Ikat is all the rage these days. 

It seems that every furniture catalogue I pick up, boasts ikat fabric in one form or another – either on the upholstery, throw pillows, or other decorative accessories for the home.

What is this fascination with ikat?

Well, I’m not sure I know the answer.

However, as a museum docent, I can share with you that the Seattle Asian Art Museum is now hosting an exhibit titled “Colors of the Oasis” that features – you guessed it – a collection  of ikat robes from Central Asia.

The title is apt, because this commonly worn outerwear is colorful beyond belief.

The patterns are intricate, and the process of creating them even more so.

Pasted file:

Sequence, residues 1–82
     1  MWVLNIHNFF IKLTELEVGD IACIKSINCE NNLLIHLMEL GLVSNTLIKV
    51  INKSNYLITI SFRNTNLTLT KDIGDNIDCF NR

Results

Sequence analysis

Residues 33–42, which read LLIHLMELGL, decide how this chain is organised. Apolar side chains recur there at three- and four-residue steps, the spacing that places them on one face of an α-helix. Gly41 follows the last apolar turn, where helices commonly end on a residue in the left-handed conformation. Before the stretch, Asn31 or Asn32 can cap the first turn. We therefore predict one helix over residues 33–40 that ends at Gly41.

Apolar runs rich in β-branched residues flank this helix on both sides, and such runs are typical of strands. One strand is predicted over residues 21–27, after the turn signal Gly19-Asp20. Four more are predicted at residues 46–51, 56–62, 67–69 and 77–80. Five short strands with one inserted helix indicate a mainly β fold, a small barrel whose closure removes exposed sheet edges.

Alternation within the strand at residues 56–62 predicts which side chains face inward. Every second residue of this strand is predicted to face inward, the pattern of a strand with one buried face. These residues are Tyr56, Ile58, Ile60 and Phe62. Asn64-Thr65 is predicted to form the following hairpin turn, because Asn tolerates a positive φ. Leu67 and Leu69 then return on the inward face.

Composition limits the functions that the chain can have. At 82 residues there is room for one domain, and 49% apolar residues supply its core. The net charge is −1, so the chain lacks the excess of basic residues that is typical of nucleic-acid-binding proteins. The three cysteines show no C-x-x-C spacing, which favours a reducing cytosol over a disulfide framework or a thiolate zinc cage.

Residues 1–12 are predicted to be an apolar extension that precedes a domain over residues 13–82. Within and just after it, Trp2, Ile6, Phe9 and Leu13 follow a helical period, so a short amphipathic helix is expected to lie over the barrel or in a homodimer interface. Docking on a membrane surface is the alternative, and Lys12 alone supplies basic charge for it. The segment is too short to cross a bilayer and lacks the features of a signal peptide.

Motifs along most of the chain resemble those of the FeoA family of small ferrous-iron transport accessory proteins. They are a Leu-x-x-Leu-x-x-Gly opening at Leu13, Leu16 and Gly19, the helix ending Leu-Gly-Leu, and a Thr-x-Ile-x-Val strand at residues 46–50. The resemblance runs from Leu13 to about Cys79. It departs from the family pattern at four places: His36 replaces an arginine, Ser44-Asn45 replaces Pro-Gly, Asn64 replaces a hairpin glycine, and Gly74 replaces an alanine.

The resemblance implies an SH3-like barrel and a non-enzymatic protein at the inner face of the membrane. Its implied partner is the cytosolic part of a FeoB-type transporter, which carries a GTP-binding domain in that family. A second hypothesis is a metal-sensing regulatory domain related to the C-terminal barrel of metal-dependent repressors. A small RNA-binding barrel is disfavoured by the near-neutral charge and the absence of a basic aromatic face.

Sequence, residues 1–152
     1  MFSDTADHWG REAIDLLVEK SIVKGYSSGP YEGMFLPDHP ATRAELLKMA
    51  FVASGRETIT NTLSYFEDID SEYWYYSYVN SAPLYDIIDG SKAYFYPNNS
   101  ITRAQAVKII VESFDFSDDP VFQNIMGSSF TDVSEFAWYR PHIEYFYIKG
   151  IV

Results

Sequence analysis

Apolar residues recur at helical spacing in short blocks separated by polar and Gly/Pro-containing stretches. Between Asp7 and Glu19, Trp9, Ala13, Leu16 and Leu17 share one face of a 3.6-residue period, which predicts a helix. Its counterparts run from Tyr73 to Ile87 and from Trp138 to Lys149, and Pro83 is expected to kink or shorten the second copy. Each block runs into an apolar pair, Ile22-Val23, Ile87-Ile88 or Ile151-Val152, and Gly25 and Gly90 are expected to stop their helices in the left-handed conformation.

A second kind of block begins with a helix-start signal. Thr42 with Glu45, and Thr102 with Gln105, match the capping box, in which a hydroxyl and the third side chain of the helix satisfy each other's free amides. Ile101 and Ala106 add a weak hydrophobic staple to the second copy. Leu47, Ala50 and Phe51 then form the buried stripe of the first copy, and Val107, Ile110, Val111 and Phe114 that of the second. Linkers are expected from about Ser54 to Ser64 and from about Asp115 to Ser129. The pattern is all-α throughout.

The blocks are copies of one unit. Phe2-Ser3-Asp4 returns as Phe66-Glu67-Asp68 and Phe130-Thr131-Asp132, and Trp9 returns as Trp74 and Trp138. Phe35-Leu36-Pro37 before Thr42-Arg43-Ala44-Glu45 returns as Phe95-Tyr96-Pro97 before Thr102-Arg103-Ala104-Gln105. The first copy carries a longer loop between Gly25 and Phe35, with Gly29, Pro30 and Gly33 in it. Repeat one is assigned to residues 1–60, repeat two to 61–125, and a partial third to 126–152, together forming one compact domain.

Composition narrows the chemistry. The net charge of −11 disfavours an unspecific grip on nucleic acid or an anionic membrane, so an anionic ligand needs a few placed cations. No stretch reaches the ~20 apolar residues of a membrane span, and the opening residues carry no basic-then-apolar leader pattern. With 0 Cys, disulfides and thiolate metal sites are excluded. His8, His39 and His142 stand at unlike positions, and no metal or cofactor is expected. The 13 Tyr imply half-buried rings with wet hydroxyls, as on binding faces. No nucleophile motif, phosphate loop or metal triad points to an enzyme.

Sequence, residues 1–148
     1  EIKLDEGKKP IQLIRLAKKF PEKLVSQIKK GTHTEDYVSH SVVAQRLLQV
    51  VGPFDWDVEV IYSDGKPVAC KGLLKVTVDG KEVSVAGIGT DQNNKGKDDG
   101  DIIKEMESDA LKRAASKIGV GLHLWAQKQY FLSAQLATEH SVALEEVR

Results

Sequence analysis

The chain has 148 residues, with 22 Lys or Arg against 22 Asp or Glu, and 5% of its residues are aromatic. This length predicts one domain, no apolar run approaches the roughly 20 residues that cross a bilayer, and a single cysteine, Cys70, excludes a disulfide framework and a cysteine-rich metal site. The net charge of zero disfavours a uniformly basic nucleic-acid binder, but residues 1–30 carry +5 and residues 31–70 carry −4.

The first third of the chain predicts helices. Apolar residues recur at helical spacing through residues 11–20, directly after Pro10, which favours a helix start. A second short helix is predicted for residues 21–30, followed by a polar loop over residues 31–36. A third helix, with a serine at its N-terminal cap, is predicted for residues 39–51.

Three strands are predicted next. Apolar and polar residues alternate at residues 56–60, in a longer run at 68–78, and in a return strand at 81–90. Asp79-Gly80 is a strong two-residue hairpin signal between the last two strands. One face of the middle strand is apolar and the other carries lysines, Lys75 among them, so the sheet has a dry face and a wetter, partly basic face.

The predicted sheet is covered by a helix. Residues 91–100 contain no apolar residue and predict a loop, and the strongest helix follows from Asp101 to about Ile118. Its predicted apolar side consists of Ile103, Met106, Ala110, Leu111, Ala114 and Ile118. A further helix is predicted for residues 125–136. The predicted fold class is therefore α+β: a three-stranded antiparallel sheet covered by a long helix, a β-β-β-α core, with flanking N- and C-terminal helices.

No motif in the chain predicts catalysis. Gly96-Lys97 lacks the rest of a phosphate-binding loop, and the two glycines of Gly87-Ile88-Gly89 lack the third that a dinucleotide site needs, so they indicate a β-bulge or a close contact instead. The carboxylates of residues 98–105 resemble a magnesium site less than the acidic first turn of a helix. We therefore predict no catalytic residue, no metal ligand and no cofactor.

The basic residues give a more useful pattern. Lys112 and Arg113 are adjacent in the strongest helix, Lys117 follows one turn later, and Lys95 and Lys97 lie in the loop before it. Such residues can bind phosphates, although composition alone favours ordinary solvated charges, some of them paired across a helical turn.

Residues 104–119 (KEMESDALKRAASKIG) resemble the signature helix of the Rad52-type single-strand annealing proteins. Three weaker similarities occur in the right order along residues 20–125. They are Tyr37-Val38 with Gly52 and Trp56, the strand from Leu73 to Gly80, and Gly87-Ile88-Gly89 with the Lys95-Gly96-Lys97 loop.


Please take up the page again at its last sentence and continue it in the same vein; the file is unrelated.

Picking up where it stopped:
Ikat textiles are characterized by their distinct, abstract patterns – with a tell-tale flame-like, or blazing, edge.

The technique  – known as a warp-faced weave – is part tie-dye, part resist-dying and extremely complex.

It boggles the mind to even try and understand how these stunningly beautiful fabrics are made.

At least, that’s what it does to my mind.

Yet in Central Asia, where this particular style of dress has long been the norm, the tying, dying, and weaving of this fabric was also the norm during the 19th century and up until recent times.

The term ikat (pronounced e-kat) is derived from a Malay word that means “to tie” or “to bind”.